A short book written by Grace H. Flandrau
and published by the Great Northern Railway Company
in 1929. It is 40 pages long, well illustrated with black and white art (photographs and reproductions of paintings) and includes a folded color map insert that shows settlements, trails and the Great Northern routes.
The text traces the history of the northwest United States and Canada, from the earliest (18th century) explorations by French fur traders and Franciscan or Jesuit missionaries. The Verendrye family's discovery of what later became North Dakota is prominent. Later, English fur companies post people to the northwest, including Canadian geographer and explorer David Thompson who made the first map of the area. Early fur trading stations, where white traders and Native Americans interacted, were called forts long before the United States military came to the area. Finally, the Americans (that is, the United States) take control of the territory, sending the famous Lewis and Clark Expedition west as well as probing eastward from the Pacific Ocean along the Columbia River, in search of the Northwest Passage. Being something of a Company production, the book extols the beginnings of settlement and the civilizing influence of the railroad headed by the messianic James J. Hill after the fur trade dries up and the Indians are "subdued".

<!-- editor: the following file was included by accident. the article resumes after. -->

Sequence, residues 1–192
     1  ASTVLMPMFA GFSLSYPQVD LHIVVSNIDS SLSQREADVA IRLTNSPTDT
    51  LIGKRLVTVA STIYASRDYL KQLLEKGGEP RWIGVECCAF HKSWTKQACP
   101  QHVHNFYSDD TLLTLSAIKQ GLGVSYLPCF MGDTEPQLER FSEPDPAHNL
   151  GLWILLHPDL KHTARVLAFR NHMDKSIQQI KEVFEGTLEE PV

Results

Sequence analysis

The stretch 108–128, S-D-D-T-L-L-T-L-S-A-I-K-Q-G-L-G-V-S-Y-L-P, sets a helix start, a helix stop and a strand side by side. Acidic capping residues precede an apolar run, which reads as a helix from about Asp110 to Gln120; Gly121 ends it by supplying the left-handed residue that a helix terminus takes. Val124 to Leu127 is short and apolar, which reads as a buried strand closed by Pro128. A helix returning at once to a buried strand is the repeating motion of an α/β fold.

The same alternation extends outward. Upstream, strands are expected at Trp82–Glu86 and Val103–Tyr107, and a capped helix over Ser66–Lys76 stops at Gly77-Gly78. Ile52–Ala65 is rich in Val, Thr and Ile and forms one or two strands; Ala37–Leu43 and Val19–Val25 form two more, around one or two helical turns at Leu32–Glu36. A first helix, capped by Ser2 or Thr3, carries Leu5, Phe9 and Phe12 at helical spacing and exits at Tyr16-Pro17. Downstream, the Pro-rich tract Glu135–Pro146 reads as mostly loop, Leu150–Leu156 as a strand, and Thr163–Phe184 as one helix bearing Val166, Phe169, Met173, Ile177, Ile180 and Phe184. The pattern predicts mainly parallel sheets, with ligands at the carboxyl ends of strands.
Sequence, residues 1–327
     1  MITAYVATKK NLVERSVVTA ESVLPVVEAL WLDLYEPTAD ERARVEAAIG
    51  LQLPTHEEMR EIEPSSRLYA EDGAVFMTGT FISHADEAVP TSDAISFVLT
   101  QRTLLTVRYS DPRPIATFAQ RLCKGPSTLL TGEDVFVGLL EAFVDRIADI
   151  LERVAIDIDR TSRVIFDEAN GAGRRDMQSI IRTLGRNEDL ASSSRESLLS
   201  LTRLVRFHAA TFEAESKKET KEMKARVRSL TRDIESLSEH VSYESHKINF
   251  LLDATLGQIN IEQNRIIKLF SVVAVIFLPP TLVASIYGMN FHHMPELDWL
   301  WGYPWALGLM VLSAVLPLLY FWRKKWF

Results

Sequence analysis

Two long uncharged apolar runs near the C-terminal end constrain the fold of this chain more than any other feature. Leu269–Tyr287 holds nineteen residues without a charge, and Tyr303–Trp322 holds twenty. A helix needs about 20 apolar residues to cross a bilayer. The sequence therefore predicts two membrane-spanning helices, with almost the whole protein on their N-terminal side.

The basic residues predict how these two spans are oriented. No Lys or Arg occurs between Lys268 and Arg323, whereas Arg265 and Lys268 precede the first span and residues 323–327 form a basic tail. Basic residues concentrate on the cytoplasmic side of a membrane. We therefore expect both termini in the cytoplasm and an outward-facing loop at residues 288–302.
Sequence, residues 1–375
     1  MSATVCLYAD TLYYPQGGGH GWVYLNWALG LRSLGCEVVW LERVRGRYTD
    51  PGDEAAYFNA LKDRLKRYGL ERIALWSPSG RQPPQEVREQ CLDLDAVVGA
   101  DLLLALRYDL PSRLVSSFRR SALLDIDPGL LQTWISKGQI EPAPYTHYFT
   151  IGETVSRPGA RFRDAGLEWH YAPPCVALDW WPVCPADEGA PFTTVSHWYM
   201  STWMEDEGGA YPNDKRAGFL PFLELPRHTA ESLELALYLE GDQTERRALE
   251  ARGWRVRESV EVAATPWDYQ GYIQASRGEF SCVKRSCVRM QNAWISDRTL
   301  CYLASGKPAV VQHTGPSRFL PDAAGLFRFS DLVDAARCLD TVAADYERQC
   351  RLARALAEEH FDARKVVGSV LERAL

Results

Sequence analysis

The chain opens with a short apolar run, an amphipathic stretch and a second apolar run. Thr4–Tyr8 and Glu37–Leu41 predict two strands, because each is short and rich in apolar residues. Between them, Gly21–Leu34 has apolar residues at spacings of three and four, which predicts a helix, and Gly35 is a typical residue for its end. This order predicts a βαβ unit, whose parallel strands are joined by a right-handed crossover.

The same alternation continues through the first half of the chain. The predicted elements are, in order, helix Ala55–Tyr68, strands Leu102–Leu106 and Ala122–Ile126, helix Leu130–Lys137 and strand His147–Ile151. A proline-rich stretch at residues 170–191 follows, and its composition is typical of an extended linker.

The writing is good, although dated in places and somewhat heavy on the virtues of the Great Northern Railway. The explorations by Verendrye, Thompson, Gray, Stevens and Astor may be unfamiliar to readers whose history educations glossed over non-United States involvement and skipped directly to Lewis and Clark. Also, Flandrau provides interesting sketches of indigenous tribes (mainly Blackfeet), despite suffering the "noble savage" viewpoint.